The last thing in the world I expected to hear.
Almost 7 years ago my dad died. I was flying home to New Zealand to spend time with my nana who was dying of cancer. As I stood outside my office with my suitcase, waiting for my taxi to Melbourne airport, looking forward to my holiday and to spending time with Nana, I returned my mum’s odd phone message only for her to tell me Dad had just died of a heart attack.
And my world changed forever.
That was only the beginning for my family. My nana almost died the day after dad’s funeral. She survived and lived another 4 months. But in that time we lost another 4 family members so that when Nana died she was the 6th death in 4 months for us.
My journey into grief started normally and isn’t different to many other people’s. I went through one version or another of hell for a couple of years. People around me thought I was handling it well. I’ve never been a big one for falling apart in public and I was in pieces behind the scenes. My life felt like it stopped, like everything had stopped.
I was paying for lots of help that didn’t really help, thinking my life was kinda ruined and that I’d never totally get over all this, missing the people I’d lost and wanting to escape it all. Did I have it easy? Hell no.
But I found myself drawn on to keep looking for something else. Something in me knew there had to be more than this, this pain, this waiting, this idea that time would magically change something for me. Seriously, as if my dad would have wanted to end up as a painful memory for his daughter and his family. And I was very lucky to find my way eventually into teachings that introduced me to a totally different way of understanding the deaths in my life.
Robert A. Neimeyer said highly individual processes of meaning making are at the heart of grief dynamics.Our experience of death, our grief, is about the meanings that it holds for us, the meanings we give every part of it. I didn’t set out to get rid of, heal, cope with, manage, or learn to live with my painful emotions. I set out to make it different and to get my dad back, and what I ended up doing was changing the meaning of what had happened. I learnt to look for and understand the elements of grief that nobody acknowledges. And what I found blew me away and changed my life forever. And the painful part of grief left me completely and I was, and am, totally pain-free.
The deaths in my family were the worst thing that had ever happened to me. At the time. Where my search took me was to a place where they are now the most profound, important, and meaningful events of my life. I do not regret them. And when I think about every aspect of my dadâ€™s life, including his death, I smile. Rather than dishonour him, this has brought huge meaning to his life and his death for me. I see him, connect to him, and remember him in a way that, unfortunately so far, few get to experience.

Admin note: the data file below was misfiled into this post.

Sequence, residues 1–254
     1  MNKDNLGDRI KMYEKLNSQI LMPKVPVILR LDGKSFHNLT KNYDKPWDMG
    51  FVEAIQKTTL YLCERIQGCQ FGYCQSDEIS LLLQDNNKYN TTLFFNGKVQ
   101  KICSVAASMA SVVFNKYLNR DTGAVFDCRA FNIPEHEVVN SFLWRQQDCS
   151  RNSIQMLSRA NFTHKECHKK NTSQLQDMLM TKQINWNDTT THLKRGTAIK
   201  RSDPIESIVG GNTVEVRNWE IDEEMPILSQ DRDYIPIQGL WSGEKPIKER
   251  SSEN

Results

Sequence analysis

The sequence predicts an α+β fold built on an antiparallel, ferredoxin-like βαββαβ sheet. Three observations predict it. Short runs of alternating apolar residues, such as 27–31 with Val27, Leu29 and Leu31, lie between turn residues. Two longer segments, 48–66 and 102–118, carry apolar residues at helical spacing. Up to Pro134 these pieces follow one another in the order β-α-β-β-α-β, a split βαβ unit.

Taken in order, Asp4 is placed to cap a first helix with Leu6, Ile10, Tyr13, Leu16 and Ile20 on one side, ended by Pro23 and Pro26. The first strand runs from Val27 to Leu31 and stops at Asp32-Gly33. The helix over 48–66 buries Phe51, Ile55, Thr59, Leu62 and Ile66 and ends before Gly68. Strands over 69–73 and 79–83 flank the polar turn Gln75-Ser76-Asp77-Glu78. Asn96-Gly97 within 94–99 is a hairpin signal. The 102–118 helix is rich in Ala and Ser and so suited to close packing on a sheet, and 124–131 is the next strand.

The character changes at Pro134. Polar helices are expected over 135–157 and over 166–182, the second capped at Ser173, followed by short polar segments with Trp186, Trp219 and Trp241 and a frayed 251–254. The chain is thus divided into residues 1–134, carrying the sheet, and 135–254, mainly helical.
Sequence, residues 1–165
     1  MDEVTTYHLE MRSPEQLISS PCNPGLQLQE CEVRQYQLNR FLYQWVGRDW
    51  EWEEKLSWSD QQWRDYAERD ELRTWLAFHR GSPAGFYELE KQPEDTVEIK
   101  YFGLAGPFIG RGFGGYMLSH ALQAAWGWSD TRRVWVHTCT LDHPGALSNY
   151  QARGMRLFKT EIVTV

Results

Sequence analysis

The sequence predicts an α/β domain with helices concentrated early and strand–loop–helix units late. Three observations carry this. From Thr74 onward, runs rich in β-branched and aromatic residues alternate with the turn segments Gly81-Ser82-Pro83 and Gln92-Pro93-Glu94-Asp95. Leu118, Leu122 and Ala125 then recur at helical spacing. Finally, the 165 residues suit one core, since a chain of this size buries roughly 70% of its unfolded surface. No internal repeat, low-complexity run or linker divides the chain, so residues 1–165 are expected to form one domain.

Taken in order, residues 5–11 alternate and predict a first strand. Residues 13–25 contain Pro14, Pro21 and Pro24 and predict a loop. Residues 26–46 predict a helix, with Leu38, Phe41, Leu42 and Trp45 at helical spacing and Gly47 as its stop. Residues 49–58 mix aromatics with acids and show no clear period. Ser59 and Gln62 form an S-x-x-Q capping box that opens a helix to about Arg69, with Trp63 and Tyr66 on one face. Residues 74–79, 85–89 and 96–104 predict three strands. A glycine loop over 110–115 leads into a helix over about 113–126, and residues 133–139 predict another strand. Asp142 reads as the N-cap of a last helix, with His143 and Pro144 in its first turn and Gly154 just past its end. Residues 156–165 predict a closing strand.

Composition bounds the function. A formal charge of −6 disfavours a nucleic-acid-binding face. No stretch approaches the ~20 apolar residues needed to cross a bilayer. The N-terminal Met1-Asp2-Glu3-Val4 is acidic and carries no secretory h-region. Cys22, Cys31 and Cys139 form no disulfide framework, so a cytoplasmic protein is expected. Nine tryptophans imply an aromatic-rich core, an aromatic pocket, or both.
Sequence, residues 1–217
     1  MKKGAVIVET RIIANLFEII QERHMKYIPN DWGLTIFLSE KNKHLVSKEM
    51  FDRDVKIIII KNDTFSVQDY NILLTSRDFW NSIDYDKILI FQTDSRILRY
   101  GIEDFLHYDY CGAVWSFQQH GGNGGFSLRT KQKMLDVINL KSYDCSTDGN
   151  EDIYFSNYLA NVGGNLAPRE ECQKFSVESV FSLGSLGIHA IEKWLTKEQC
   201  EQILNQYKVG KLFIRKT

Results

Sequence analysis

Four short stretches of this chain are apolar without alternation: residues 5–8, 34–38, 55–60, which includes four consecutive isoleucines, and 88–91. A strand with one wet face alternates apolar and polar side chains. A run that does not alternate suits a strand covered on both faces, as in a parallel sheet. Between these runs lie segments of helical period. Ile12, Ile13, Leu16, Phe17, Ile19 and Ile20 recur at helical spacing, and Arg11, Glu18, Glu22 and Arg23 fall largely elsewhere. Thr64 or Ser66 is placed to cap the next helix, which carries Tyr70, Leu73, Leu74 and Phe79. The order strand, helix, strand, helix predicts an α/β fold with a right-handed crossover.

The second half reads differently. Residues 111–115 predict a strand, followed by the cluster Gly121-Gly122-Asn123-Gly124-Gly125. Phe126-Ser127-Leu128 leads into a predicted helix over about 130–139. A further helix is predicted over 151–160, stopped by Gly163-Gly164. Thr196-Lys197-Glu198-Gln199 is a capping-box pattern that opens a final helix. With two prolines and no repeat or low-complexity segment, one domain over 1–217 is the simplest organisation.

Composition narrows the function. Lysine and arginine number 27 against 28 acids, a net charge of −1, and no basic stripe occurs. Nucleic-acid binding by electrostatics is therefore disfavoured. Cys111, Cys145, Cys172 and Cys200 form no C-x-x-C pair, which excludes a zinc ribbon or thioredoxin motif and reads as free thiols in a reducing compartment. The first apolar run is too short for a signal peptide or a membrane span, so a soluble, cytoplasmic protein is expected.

When I look on it now my full grief experience was a journey to find meaning, purpose, beauty and truth in one of life’s biggest lessons – death. It was the most powerful, life-affirming and inspiring thing I have ever been through. It began with pain but ended with freedom from pain, a deep constant connection to my dad, and utter gratitude for the events of my life.
Already being a life coach and with a background in mental health and case management, I realised I was passionate about specifically helping other people to positively change their own experience of grief. Using everything I had learnt I went on to create the 9-step process that I now take other people through. Their results continue to inspire and astound me as I see client after client come out of their pain and find new meaning and understanding of the death/s in their life.
No matter who you have lost, what that experience has been like, what you have believed and been told, it can be totally different. You can move to a place of freedom, connection and gratitude and make the legacy of the person you have lost so much more beautiful and powerful.
Kristie was on Dream Corner in September 2011. You can listen to our very personal and lovely interview here – Interview with Kristie West
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